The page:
Hey! Listen to Ulvesang

Confession: this post might best belong in the Unmetal Monday column but I just couldn’t wait this long. It’s been storming for three days here and I’ve been listening to Ulvesang non stop as a result. What does that have to do with anything? Pop on this album and you’ll see; imagine if Ulver‘s Kveldssanger popped a valium and just sat back to watch the clouds chase themselves across a dark sky and you get Ulvesang, both the band and the album. Chock full of pagan, folk and medieval influences, this album is a host of guitars around a fire and a violin bow across the heart. Head on over the jump for your first taste.

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Opening with the guitar tone which is typical of this album, “Wolf’s Passage” contains all that is great about this. The dual guitars interact in pleasing ways, while the deep, mellifluous male vocals in the background lend the entire thing power and majesty which eventually escalate to a full blown choir, beautifully executed and recorded. Nor does the album satisfy itself with only these elements and nothing. “Litherpoan” or “A Town of Ash” feature a slightly more challenging structure and a faster rhythm as well, while “Arms in Pledge to Ellis” introduces ethereal screams on the verge of growls intermingled with the selfsame choir, lending the outro to the album a haunted and tortured feel.

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However, this is not an album you go to to be challenged by musical technique or to be overwhelmed by composition. It’s an album you go to for emotion and mood, an atmosphere that is slowly built around you until it completely encompasses you, perhaps a bit like Arstidir or Leafblade, although the differences between these works show the richness and diversity found within the neo-folk movement. Interestingly enough, this is the band’s debut album and we can’t wait to see what their future holds. It will undoubtedly breaks our hearts.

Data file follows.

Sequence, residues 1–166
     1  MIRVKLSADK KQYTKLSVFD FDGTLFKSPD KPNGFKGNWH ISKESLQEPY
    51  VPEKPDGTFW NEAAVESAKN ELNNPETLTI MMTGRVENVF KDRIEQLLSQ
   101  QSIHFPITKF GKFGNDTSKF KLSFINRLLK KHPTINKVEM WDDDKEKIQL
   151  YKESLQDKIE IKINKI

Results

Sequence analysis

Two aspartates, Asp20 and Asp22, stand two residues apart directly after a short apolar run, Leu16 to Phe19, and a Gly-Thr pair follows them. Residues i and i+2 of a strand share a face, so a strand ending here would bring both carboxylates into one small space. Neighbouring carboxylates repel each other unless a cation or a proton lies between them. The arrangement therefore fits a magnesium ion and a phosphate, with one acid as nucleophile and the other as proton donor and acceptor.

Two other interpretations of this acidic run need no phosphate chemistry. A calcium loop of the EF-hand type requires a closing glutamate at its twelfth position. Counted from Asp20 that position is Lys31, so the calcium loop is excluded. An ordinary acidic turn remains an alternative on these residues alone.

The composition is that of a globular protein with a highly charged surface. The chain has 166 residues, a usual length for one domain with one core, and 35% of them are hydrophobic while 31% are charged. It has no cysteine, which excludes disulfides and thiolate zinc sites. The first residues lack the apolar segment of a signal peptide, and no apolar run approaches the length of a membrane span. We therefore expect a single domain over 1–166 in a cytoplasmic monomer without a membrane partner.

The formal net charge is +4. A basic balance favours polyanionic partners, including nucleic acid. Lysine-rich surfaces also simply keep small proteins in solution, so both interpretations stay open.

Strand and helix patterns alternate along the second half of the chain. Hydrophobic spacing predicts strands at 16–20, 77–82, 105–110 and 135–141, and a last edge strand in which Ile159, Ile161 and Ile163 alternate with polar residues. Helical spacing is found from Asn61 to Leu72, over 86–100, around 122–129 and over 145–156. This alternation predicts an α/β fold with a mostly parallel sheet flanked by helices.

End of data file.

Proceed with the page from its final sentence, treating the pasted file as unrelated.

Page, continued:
-EK

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Fear is the mind-killer. Fear is the little-death that brings total obliteration. I will face my fear. I will permit it to pass over me and through me. And when it has gone past I will turn the inner eye to see its path. Where the fear has gone there will be nothing. Only I will remain.






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